Zone 1 Commissioner Randy Richenberg pledges not to take police and fire union endorsements for granted
Courtesy photo. Zone 1 City Commissioner Randy Richenberg enters today's primary having again secured the police and fire union endorsements.
NEW SMYRNA BEACH -- Zone 1 City Commissioner Randy Richenberg knows that he has two powerful allies in today's primary that he is hoping will either carry him to outright victory or at least place in the top two for a November runoff -- the endorsements of the unions for the police and fire departments.
And even with those voting blocks, he said he's not taking anything for granted -- knocking on doors, making phone calls and urging his supporters to help get the word out to potential voters.
"Accountability to the voters is what counts," Richenberg said, adding he's no resting on his laurels with the support of fellow union friends of his wife, Cindy, a retired lieutenant after 15 years with the New Smyrna Beach Fire Department.
The 53-year-old Richenberg, who owns a surf shop in Edgewater, said his experience in municipal government speaks for itself, based not only on the near-completion of his first four-year term on the commission, but several years before that on the Planning Board.
Richenberg has had to deal with quite a few hot-button issues in the last year, in particular, publicly admitting several months after last September's unanimous vote to cut the budget by $1.3 million that led to several city employees losing their jobs that he felt "ashamed" and "bullied" by Bill Koleszar, a political gadfly, who came onto the scene with 200 neighbors when few knew who he was, and threatened to recall against anyone who didn't reduce the millage rate so he could save $3 on his tax bill, something Koleszar bragged about after the fact.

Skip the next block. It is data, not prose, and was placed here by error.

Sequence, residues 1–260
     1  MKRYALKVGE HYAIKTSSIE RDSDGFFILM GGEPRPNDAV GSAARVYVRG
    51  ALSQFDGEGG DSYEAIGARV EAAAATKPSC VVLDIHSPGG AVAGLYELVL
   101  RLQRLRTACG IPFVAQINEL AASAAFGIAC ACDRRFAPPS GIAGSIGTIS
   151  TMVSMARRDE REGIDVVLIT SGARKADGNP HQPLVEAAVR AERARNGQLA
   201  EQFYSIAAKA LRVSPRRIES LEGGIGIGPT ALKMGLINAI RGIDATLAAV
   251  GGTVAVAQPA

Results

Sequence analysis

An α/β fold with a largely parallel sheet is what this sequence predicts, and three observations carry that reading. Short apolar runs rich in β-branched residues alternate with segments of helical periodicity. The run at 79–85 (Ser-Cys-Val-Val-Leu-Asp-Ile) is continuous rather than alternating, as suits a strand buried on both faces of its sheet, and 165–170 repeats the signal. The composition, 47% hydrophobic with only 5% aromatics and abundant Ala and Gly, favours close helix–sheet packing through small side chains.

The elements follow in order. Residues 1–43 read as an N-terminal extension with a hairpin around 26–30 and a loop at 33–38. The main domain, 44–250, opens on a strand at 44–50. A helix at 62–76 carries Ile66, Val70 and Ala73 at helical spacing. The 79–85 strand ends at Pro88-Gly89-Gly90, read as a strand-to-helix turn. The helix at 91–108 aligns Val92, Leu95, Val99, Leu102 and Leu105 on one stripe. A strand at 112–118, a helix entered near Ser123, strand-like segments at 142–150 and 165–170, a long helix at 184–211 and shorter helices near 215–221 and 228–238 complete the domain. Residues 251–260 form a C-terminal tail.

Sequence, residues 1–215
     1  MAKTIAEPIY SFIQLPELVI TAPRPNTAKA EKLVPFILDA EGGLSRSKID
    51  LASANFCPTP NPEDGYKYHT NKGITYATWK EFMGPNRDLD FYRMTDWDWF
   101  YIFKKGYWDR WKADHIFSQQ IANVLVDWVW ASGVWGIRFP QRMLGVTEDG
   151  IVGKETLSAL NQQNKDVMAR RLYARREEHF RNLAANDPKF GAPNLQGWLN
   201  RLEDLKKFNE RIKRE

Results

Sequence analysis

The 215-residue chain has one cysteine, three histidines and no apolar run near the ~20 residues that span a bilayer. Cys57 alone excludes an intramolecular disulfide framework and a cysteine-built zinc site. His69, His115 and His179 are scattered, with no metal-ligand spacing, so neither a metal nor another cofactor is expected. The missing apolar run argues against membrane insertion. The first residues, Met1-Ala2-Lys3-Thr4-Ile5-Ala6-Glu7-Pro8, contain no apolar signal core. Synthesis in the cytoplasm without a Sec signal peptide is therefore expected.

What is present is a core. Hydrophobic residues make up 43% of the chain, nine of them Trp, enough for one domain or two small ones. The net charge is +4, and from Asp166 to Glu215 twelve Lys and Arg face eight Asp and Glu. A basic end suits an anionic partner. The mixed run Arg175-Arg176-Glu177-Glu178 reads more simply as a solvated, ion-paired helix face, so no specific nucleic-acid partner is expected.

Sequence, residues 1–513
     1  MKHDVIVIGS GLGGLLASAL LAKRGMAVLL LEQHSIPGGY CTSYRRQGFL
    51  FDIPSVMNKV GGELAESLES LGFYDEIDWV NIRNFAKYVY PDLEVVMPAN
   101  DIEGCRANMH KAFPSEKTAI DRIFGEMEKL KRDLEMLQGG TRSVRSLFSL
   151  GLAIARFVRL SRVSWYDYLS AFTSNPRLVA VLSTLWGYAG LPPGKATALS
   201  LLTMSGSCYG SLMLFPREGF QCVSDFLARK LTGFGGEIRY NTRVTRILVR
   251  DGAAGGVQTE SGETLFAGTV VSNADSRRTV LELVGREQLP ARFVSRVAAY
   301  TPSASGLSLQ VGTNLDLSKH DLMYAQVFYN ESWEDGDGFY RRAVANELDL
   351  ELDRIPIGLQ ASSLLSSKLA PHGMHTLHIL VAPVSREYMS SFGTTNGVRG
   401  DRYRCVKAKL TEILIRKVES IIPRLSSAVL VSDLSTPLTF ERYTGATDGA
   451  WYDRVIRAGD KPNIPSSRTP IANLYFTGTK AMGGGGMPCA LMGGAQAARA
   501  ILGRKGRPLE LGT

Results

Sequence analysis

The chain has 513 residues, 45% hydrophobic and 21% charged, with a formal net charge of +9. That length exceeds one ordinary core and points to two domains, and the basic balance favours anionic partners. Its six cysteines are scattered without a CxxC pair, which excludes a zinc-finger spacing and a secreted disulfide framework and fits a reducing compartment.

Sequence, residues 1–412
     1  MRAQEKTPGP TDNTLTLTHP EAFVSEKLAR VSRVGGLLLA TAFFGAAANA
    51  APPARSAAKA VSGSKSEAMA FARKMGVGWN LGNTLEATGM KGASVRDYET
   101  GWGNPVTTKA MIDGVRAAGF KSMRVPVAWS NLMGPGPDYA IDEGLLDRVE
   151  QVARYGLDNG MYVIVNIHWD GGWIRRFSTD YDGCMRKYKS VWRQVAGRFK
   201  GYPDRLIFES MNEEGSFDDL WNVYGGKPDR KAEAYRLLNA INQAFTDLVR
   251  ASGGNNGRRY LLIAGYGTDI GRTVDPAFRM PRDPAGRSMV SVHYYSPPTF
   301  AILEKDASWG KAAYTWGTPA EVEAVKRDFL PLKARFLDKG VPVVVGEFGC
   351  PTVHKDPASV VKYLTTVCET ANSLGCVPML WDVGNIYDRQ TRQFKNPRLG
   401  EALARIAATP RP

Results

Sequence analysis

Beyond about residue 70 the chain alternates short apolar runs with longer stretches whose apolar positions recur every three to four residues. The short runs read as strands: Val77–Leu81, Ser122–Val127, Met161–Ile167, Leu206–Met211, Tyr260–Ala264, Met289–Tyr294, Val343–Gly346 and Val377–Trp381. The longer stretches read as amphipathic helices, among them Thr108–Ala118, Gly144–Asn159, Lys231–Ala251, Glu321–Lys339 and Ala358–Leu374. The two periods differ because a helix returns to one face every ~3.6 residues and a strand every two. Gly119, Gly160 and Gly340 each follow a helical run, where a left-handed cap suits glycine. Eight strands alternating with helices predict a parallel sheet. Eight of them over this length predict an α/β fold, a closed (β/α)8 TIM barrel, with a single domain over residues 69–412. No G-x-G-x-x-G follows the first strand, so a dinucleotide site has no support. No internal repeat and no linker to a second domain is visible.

Jeff Candage, business agent for the local Teamsters, which represents the New Smyrna Beach police, said Richenberg showed "a lot of class" in speaking up and admitting he made a mistake.
Candage said Richenberg's challengers, Judy Reiker and Frank Dalton Jr., are worthy opponents, but like Richenberg, he believes the voters should stick with the experienced incumbent.
Reiker and Dalton said they have nothing against Richenberg, but each emphasized that the commission could use new faces with fresh approaches.
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